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Rose and Pepper Pavlova with Passionfruit and Strawberries

by . Featured in AT MY TABLE
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Introduction

The flavours sound so bold here and yet taste so delicate. My maternal grandfather used to eat strawberries with a grinding of black pepper; he insisted it made their berried freshness sing. I prefer to add it to the pavlova base, pairing its perfumed warmth with some rosewater, giving the marshmallow-bellied meringue the huskiest hint of Turkish delight.

For US cup measures, use the toggle at the top of the ingredients list.

The flavours sound so bold here and yet taste so delicate. My maternal grandfather used to eat strawberries with a grinding of black pepper; he insisted it made their berried freshness sing. I prefer to add it to the pavlova base, pairing its perfumed warmth with some rosewater, giving the marshmallow-bellied meringue the huskiest hint of Turkish delight.

For US cup measures, use the toggle at the top of the ingredients list.

Image of Nigella's Rose and Black Pepper Pavlova
Photo by Jonathan Lovekin

Ingredients

Serves: 8-12

Metric Cups

For the base:

  • 6 large eggs (at room temperature, whites only)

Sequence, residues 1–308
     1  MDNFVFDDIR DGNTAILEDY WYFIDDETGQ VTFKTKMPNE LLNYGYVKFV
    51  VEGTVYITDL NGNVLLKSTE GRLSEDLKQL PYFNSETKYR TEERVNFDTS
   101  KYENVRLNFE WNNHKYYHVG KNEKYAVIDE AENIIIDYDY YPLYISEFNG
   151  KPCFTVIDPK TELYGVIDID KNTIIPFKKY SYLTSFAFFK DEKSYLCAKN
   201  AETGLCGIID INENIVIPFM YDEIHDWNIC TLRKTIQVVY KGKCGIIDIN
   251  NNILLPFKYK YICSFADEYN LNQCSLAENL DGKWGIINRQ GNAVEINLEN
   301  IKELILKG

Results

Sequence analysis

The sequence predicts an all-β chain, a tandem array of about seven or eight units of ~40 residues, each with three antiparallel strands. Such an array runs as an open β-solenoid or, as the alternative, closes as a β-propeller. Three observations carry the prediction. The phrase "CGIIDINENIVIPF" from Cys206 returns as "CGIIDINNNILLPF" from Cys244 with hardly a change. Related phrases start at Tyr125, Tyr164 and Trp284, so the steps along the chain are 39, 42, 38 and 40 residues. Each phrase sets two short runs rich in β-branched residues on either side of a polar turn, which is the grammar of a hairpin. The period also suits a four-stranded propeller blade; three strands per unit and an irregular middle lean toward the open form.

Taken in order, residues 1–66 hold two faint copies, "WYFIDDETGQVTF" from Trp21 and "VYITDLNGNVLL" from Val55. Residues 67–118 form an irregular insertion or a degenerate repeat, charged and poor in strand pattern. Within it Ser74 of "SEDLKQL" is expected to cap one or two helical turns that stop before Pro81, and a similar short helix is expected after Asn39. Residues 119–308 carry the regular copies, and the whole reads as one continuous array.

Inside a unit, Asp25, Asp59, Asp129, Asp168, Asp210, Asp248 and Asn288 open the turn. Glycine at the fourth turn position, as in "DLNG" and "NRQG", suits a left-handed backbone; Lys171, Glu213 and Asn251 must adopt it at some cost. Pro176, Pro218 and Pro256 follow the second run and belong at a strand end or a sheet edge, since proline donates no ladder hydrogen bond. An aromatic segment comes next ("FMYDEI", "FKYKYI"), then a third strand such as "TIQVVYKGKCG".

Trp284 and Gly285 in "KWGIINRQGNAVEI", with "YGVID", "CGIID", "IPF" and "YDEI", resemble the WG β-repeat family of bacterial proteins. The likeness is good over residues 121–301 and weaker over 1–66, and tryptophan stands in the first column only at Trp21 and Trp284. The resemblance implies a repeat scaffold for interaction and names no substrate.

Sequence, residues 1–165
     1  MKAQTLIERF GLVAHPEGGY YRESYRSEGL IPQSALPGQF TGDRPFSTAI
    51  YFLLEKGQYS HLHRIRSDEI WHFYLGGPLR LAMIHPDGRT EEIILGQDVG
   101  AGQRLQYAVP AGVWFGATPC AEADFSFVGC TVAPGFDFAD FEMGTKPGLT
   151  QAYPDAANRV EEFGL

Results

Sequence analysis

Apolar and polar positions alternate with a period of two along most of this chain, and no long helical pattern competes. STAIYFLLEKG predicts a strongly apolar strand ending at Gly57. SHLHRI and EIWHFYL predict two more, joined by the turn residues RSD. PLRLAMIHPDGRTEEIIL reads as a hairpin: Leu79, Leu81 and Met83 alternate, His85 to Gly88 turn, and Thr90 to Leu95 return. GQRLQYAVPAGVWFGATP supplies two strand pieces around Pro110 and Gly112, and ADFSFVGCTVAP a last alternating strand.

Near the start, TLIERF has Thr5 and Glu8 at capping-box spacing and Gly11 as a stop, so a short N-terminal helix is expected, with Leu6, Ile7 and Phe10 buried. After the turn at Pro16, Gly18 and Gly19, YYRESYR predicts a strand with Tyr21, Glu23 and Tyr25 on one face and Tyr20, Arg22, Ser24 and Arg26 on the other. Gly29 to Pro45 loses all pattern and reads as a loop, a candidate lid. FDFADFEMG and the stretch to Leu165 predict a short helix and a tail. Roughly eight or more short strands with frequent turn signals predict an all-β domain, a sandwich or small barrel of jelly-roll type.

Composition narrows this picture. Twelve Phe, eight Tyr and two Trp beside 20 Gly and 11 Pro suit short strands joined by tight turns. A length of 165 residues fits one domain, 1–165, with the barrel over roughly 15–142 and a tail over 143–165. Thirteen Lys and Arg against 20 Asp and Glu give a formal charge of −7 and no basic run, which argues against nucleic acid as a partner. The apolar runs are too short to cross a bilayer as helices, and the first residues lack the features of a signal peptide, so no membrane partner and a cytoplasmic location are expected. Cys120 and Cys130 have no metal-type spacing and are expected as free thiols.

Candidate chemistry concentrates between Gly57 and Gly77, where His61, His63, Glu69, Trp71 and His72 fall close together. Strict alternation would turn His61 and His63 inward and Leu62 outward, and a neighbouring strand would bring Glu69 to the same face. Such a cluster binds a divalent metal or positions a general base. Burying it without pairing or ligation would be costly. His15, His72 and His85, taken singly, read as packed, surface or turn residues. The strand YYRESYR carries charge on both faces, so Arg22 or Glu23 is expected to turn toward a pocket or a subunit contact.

• 375 grams caster sugar
  • 2½ teaspoons cornflour
  • ¼ teaspoon ground black pepper
  • 2 teaspoons white wine vinegar
  • ½ teaspoon rosewater

For the topping:

  • 300 grams strawberries
  • 3 passionfruit
  • 2 teaspoons caster sugar
  • 300 millilitres double cream

For the base:

  • 6 large eggs (at room temperature, whites only)
  • 1¾ cups superfine sugar
  • 2½ teaspoons cornstarch
  • ¼ teaspoon ground black pepper
  • 2 teaspoons white wine vinegar
  • ½ teaspoon rosewater

For the topping:

  • 10 ounces strawberries
  • 3 passionfruit
  • 2 teaspoons superfine sugar
  • 1¼ cups heavy cream

Method

  1. Preheat the oven to 180°C/160°C Fan/350°F and line a baking sheet with baking parchment.
  2. In a grease-free bowl, whisk the egg whites until firm peaks form, and then beat in the sugar a spoonful at a time until the meringue is stiff and shiny. Be patient: it takes a little time to thicken glossily.
  3. Sprinkle the cornflour, pepper, vinegar and rosewater over the meringue, then, by hand, gently fold everything until it is thoroughly mixed in. Mound onto the lined baking sheet in a fat disc approximately 22cm/9inch in diameter, smoothing the sides and top. Place in the oven, then immediately turn the temperature down to 150°C/130°C Fan/300°F and bake for 1 hour.